41. 41. 2 In connectome prediction settings RS-fMRI Functional connectivity Time series 2 4 3 1 Diagnosis ROIs Choice of regions for best prediction? [Dadi... 2019] G Varoquaux 22
  42. 42. 2 Connectome: building a connectivity matrix How to capture and represent interactions? G Varoquaux 23
  43. 43. 2 Connectome: differences across subjects 0 5 10 15 20 25 0 5 10 15 20 25 0 5 10 15 20 25 0 5 10 15 20 25 0 5 10 15 20 25 0 5 10 15 20 25 0 5 10 15 20 25 0 5 10 15 20 25 Correlation matrices 0 5 10 15 20 25 0 5 10 15 20 25 0 5 10 15 20 25 0 5 10 15 20 25 0 5 10 15 20 25 0 5 10 15 20 25 0 5 10 15 20 25 0 5 10 15 20 25 Partial correlation matrices 3 controls, 1 severe stroke patient Which is which? G Varoquaux 24
  44. 44. 2 Connectome: differences across subjects 0 5 10 15 20 25 0 5 10 15 20 25 Control 0 5 10 15 20 25 0 5 10 15 20 25 Control 0 5 10 15 20 25 0 5 10 15 20 25 Control 0 5 10 15 20 25 0 5 10 15 20 25Large lesion Correlation matrices 0 5 10 15 20 25 0 5 10 15 20 25 Control 0 5 10 15 20 25 0 5 10 15 20 25 Control 0 5 10 15 20 25 0 5 10 15 20 25 Control 0 5 10 15 20 25 0 5 10 15 20 25Large lesion Partial correlation matrices Spread-out variability in correlation matrices Noise in partial-correlations Strong dependence between coefficients [Varoquaux... 2010] G Varoquaux 24
  45. 45. 2 Connectome: differences across subjects 0 5 10 15 20 25 0 5 10 15 20 25 Control 0 5 10 15 20 25 0 5 10 15 20 25 Control 0 5 10 15 20 25 0 5 10 15 20 25 Control 0 5 10 15 20 25 0 5 10 15 20 25Large lesion Correlation matrices 0 5 10 15 20 25 0 5 10 15 20 25 Control 0 5 10 15 20 25 0 5 10 15 20 25 Control 0 5 10 15 20 25 0 5 10 15 20 25 Control 0 5 10 15 20 25 0 5 10 15 20 25Large lesion Partial correlation matrices 0 5 10 15 20 25 0 5 10 15 20 25 Control 0 5 10 15 20 25 0 5 10 15 20 25 Control 0 5 10 15 20 25 0 5 10 15 20 25 Control 0 5 10 15 20 25 0 5 10 15 20 25Large lesion Tangent-space embedding [varoquaux 2010] G Varoquaux 25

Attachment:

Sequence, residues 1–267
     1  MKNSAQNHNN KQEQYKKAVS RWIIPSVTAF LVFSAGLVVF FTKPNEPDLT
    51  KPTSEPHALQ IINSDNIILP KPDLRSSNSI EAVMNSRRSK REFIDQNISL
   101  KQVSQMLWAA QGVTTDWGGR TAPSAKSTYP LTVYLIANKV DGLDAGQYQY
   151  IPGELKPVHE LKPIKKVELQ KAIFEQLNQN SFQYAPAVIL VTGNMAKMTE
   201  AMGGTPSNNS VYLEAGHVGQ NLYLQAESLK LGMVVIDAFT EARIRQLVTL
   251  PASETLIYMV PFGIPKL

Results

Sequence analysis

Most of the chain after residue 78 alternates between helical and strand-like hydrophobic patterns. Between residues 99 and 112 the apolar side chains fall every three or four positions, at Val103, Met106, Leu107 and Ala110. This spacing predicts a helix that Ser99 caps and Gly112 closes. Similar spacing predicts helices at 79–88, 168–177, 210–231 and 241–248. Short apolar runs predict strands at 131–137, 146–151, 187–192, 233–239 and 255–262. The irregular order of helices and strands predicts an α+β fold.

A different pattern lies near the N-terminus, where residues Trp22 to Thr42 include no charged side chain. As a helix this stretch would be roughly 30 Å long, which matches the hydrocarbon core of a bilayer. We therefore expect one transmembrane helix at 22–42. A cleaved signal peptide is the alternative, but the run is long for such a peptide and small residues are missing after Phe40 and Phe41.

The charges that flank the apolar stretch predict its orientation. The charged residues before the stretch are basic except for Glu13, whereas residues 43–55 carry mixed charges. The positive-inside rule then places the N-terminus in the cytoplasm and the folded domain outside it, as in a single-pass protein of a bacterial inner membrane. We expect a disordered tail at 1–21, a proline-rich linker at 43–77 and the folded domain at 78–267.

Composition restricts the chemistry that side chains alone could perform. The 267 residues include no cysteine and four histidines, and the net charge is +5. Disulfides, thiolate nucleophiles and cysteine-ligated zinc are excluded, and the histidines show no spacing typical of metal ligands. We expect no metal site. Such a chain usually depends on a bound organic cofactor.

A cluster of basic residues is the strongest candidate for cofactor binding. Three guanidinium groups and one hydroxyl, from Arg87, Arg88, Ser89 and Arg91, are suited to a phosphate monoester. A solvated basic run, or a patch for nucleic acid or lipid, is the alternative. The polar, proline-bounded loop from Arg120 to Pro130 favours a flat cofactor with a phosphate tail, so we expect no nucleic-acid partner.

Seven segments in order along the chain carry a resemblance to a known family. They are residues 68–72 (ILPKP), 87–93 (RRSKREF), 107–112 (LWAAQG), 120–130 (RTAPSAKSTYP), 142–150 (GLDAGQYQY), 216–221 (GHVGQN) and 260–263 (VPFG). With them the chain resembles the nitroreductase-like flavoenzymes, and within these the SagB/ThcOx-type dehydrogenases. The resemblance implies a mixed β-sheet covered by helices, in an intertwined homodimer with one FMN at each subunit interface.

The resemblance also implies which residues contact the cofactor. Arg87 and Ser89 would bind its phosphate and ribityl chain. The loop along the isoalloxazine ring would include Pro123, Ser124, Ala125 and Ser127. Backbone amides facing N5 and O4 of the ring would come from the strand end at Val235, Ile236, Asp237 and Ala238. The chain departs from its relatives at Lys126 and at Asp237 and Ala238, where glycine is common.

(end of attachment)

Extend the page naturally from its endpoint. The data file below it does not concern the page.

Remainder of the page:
46. 46. 2 Connectivity matrix for predictive models Time series 2 RS-fMRI 41 Diagnosis ROIs Functional connectivity 3 [Dadi... 2019] G Varoquaux 26
  47. 47. 2 Machine learning for connectome prediction Functional connectivity Time series 3 4 Diagnosis 2 RS-fMRI 1 ROIs Supervised learning step Linear models Random forests Sparse or non sparse? G Varoquaux 27
  48. 48. 2 Machine learning for connectome prediction Functional connectivity Time series 3 4 Diagnosis 2 RS-fMRI 1 ROIs Supervised learning step Linear models Random forests Sparse or non sparse? [Dadi... 2019] G Varoquaux 27
  49. 49. @GaelVaroquaux Functionnal-connectome biomarkers Biomarkers Early assessment Pronostic Proxy clinical endpoints Reliable biomarkers Larger sample sizes Clean evidence of generalization Higher standards [Woo... 2017]
  50. 50. @GaelVaroquaux Functionnal-connectome biomarkers Biomarkers game-changing if trustworthy Rest-fMRI biomarkers extraction Functional regions (extracted by dictionary learning) Tangent space to compare connectomes Linear model for supervised learning RS-fMRI Diagnosis Connectivity Parameterization Supervised Learning Defining Brain ROIs 1 2 3 Software: nilearn ni
  51. 51. References I A. Abraham, M. Milham, A. Di Martino, R. C. Craddock, D. Samaras, B. Thirion, and G. Varoquaux. Deriving reproducible biomarkers from multi-site resting-state data: An autism-based example. NeuroImage, 2017. K. Dadi, M. Rahim, A. Abraham, D. Chyzhyk, M. Milham, B. Thirion, G. Varoquaux, and A. D. N. Initiative. Benchmarking functional connectome-based predictive models for resting-state fmri. NeuroImage, 2019. F. Liem, G. Varoquaux, J. Kynast, F. Beyer, S. K. Masouleh, J. M. Huntenburg, L. Lampe, M. Rahim, A. Abraham, R. C. Craddock, ... Predicting brain-age from multimodal imaging data captures cognitive impairment. NeuroImage, 2016. M. Rahim, B. Thirion, D. Bzdok, I. Buvat, and G. Varoquaux. Joint prediction of multiple scores captures better individual traits from brain images. Neuroimage, in rev, 2017.
  52. 52. References II B. Thirion, G. Varoquaux, E. Dohmatob, and J. Poline. Which fMRI clustering gives good brain parcellations? Name: Frontiers in Neuroscience, 8:167, 2014. G. Varoquaux. Cross-validation failure: small sample sizes lead to large error bars. NeuroImage, 2017. G. Varoquaux, F. Baronnet, A. Kleinschmidt, P. Fillard, and B. Thirion. Detection of brain functional-connectivity difference in post-stroke patients using group-level covariance modeling. In MICCAI. 2010. G. Varoquaux, P. R. Raamana, D. A. Engemann, A. Hoyos-Idrobo, Y. Schwartz, and B. Thirion. Assessing and tuning brain decoders: cross-validation, caveats, and guidelines. NeuroImage, 145:166–179, 2017. C.-W. Woo, L. J. Chang, M. A. Lindquist, and T. D. Wager. Building better biomarkers: brain models in translational neuroimaging. Nature neuroscience, 20(3):365, 2017.